Rainforests are ecosystems primarily filled with evergreen trees that receive high amounts of rainfall. Besides being home to nearly half of the world’s biodiversity, tropical rainforests produce, store, and filter water, protecting against floods, soil erosion, and drought.


Humans have destroyed nearly half of the world’s rainforests, changing landscapes and affecting livelihoods, health, biodiversity, and the planet’s climate. Due to habitat loss from deforestation, many animal species are close to extinction, which could ruin the balance of these ecosystems.
Tropical forests previously served as the Earth’s carbon sinks. Due to forest loss caused by humans, forests now emit more carbon than they absorb.
Restoring tropical rainforests and their ability to sequester carbon is a vital step in addressing the global climate change crisis.

A Climate Regulator

Tropical forests help control temperatures globally and cool and balance local micro-climates. By limiting the Earth’s reflectivity, they aid in stabilizing ocean currents, wind, and rainfall patterns.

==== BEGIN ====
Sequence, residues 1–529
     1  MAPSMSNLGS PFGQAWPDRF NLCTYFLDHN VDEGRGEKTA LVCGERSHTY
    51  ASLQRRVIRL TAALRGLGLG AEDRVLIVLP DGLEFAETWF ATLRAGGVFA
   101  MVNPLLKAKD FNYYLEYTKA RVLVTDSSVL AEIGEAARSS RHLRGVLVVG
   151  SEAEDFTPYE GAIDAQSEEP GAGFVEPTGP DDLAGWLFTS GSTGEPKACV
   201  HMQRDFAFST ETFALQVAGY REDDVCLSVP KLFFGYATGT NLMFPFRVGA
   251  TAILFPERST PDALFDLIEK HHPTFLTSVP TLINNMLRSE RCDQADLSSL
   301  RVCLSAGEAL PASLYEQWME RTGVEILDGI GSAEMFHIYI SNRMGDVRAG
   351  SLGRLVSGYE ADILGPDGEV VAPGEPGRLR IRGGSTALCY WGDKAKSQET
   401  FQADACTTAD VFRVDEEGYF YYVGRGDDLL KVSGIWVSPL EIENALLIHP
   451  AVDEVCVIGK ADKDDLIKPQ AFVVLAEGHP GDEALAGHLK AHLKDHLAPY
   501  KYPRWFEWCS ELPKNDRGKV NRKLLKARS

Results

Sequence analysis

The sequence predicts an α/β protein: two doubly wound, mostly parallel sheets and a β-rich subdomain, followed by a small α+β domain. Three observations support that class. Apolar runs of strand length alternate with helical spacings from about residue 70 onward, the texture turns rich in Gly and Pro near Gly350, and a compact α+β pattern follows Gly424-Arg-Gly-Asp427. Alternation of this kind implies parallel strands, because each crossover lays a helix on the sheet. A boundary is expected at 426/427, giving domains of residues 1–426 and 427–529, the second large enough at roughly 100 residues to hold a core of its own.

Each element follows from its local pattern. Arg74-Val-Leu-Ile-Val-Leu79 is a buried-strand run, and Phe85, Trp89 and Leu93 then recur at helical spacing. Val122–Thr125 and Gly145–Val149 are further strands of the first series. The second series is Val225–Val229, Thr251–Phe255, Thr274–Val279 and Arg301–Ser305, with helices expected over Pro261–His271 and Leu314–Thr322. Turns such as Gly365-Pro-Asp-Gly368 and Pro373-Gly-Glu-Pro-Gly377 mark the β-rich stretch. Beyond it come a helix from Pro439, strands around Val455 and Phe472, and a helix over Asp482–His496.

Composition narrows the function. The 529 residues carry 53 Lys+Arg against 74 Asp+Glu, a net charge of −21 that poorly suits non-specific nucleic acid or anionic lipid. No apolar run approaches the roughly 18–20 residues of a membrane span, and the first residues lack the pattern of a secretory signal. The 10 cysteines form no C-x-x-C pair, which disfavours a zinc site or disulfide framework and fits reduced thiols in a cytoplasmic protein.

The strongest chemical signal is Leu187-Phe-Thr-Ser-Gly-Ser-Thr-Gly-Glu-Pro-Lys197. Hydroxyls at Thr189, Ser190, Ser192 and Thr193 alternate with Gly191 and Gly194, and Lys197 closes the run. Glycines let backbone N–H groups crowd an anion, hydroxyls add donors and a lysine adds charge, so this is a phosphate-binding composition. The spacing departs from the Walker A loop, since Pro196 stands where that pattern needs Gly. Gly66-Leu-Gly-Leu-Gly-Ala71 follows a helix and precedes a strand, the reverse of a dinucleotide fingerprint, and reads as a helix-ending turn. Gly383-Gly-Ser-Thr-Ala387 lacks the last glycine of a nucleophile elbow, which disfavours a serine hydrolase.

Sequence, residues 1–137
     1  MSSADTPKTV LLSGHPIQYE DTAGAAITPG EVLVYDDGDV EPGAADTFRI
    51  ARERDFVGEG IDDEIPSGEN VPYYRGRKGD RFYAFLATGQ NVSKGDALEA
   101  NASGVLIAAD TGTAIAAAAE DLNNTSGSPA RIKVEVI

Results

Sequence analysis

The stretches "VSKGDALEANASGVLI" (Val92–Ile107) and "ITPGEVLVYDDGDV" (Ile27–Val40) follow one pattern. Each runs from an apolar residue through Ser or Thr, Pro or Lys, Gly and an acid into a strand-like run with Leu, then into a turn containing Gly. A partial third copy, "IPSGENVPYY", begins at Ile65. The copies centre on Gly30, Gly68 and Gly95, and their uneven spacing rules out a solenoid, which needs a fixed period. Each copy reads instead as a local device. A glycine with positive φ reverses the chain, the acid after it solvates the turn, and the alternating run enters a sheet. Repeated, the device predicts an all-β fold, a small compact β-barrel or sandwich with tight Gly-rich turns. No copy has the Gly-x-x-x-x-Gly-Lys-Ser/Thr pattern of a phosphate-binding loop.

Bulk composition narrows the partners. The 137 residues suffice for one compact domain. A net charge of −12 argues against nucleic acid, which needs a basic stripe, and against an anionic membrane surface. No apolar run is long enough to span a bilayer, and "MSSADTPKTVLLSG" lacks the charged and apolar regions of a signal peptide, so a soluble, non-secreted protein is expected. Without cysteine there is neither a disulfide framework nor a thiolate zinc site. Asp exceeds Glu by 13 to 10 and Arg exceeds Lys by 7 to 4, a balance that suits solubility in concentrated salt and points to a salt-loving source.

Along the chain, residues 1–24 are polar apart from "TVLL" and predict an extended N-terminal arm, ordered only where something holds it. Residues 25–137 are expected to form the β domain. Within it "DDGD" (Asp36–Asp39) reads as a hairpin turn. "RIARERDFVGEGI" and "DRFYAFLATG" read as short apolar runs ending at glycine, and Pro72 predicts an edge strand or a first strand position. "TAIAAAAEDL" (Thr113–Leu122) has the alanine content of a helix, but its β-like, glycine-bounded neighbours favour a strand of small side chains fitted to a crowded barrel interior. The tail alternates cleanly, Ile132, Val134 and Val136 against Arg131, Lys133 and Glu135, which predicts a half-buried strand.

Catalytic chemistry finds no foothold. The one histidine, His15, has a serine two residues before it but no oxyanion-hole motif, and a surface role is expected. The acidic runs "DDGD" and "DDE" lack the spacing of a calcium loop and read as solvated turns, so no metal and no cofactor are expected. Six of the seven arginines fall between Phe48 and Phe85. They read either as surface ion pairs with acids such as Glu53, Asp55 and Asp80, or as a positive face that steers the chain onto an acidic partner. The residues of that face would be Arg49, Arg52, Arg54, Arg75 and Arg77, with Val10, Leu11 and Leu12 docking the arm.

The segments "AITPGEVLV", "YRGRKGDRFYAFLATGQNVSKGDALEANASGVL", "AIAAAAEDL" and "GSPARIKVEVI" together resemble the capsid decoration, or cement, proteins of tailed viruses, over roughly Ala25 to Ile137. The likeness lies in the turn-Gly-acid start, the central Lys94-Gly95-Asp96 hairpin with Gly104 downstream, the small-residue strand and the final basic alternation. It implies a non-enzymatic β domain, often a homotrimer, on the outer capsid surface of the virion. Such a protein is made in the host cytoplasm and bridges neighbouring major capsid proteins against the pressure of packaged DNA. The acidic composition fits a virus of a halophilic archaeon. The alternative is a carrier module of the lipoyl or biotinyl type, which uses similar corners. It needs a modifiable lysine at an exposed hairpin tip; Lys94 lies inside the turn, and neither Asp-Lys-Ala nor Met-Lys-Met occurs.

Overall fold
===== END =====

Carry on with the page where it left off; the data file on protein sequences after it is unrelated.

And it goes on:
Compounds found in diverse rainforest plants are used to make anti-cancer drugs and to treat dysentery, malaria, heart disease, hypertension, arthritis, tuberculosis, diabetes, and many other health issues.


Zoonoses are infectious diseases that are transmitted between species from animals to humans. 75% of new infectious diseases are zoonotic in origin, resulting from human and animal contact. Deforestation is a major source of environmental degradation that causes new human and animal interactions.

Defending the Trees

Unaffordable health services and medications often drive local communities to cut down trees to pay for care. Ensuring healthcare access and sustainable livelihoods (such as organic farming) allows these communities to rely less on illegal logging, thus conserving rainforests and promoting health and well-being worldwide.